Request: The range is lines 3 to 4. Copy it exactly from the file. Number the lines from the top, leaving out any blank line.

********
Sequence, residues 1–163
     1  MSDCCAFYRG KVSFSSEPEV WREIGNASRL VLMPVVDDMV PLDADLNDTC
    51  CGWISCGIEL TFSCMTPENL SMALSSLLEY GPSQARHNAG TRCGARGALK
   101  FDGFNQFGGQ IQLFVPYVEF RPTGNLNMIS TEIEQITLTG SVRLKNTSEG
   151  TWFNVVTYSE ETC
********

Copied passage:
    51  CGWISCGIEL TFSCMTPENL SMALSSLLEY GPSQARHNAG TRCGARGALK
   101  FDGFNQFGGQ IQLFVPYVEF RPTGNLNMIS TEIEQITLTG SVRLKNTSEG